And we're bummed Jack can't join us today. He's got last minute prep and mayhem for ShmooCon. So tip of that to Jack wish you could be here, but other obligations to the community. And I'm sure he's, he's pulling ShmooCon together with force of will right now and helping other folks so bummed that he can't be here.
It does mean that we will descend to the very depths of product door, Curry ear in ways that only Oliver and I typically do over a bottle of wine. So here we go today. It's it's water and kombucha. Um, I'm not sure if that'll make it better or worse, but it'll happen either way. All right. To start out.
Let's talk about categories now. You're about to embark. You've done a little bit of everything. You've done. Category creation before. I think I'd say like security focus was partly category creation and what you guys did with deep site way back in the day that Alfred talked about you've done EMEA net, you did Phantom quite famously a new category.
That was one of the first entrance into soar. Let's talk a little bit about the different types of product strategy, which seems incredibly germane as you get ready to start a new company as you've started a new company with Pangea. So let's talk for a moment about the first type and there's three. The first one is when you play into an existing category with a better mouse trap, what comes to mind?
When we talk about the better mouse trap type stuff,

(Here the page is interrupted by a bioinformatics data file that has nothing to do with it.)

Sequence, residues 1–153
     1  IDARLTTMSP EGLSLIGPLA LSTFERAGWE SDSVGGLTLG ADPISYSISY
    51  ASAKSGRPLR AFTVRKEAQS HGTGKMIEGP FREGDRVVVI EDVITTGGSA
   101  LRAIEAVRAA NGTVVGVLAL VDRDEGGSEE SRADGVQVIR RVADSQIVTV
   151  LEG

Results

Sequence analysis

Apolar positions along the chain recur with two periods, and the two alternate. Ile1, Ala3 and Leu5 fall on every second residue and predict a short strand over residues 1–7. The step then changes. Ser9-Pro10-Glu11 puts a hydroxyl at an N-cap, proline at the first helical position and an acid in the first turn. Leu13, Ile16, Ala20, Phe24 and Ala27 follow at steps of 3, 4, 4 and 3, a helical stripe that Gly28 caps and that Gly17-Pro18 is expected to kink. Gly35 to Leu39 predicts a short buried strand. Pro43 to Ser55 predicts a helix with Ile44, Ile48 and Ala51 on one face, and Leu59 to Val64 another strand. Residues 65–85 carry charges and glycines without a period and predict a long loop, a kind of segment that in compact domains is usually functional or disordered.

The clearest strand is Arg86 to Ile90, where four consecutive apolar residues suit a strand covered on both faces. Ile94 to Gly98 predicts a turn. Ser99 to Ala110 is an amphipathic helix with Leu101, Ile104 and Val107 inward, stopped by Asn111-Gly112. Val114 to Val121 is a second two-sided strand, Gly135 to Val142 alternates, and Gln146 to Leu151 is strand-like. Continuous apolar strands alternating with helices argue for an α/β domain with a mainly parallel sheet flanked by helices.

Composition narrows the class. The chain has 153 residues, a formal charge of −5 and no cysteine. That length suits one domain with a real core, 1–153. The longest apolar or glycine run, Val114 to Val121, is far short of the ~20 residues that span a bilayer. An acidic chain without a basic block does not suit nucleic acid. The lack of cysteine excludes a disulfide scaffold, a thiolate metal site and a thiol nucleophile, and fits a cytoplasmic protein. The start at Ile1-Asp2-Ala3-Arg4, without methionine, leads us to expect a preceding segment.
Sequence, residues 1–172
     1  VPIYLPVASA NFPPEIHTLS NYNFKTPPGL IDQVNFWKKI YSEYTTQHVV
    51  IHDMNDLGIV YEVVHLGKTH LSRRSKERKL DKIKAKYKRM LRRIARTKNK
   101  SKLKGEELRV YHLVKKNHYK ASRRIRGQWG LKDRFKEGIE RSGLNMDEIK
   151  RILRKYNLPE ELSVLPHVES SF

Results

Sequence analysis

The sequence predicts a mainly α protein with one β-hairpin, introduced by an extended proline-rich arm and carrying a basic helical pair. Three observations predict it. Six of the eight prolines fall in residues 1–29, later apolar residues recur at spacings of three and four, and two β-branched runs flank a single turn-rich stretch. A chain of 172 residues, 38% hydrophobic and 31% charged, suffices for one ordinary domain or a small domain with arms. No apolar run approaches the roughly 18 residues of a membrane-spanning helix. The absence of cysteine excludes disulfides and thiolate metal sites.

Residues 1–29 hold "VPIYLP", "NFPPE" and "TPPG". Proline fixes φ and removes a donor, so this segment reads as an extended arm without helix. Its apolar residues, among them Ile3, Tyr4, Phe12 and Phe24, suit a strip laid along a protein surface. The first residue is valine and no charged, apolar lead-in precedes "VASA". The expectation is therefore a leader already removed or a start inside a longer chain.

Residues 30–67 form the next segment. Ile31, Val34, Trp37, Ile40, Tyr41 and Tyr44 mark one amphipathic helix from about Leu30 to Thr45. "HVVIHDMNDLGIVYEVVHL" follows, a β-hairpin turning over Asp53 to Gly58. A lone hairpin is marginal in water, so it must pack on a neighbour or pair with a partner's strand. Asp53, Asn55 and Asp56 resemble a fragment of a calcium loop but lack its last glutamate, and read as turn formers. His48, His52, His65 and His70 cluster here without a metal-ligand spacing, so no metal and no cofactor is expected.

[00:09:24] Oliver: everything is always cyclical, right? Like every few years there's a new. Set of technologies. And as a result, the attack surface changes, right? So as compute evolves and compute changes like the most recent major evolution, obviously being the cloud, the attack surface changes, right?
So at that point we usually see the re-emergence of traditional technologies in like a new form factor or with some new feature set that caters to these new, to these new technologies. Right? So with cloud, we've seen the movement of network-based detection, technologies evolve. We've seen malware based detection, technologies evolve, basically every fundamental security technology that we used to run on windows and other server based platforms had to change to adapt to this cloud movement where we no longer own the data center.
We no longer own the infrastructure. That's one change that I see where there's always opportunity in it. And it's always like, there's will always be opportunity as the core compute platform changes. Right? And then you have new companies that evolve every five to 10 years because of that. And they become very successful.
And typically the companies that were part of the last evolution of compute have matured, they become big and slow. And so they're right for disruption, right? So I'd say that's the cycle that keeps happening in the industry. The second one is where you have new technology that allows you to deliver existing products in a better way.
Right? So, you know, as we heard from, with, with Alfred, at immune net, what we saw as the opportunity to build a cloud based anti-malware company, leveraging real-time cloud lookups, whereas in the past, when you and I were at Symantec, we were pushing antivirus definitions to the end point. Every hour, right?
In that thing that got unpalatable, like you can not continue doing it faster in the amount of data we're pushing wasn't tenable anymore. Right? So the cloud allows us to change that and flip the model and make it much more
[00:11:21] Dave: efficient. What's interesting to me is just to give a super concrete example, even within cloud, we're talking about.
The first real public cloud service, Amazon S3 going back to 2006 cloud has been around long enough now public cloud services, infrastructure as a platform platform or infrastructure as a service platform, as a service. Now we've seen iterations and kind of the categories kind of iterate and people come out with better mouse traps inside cloud, right?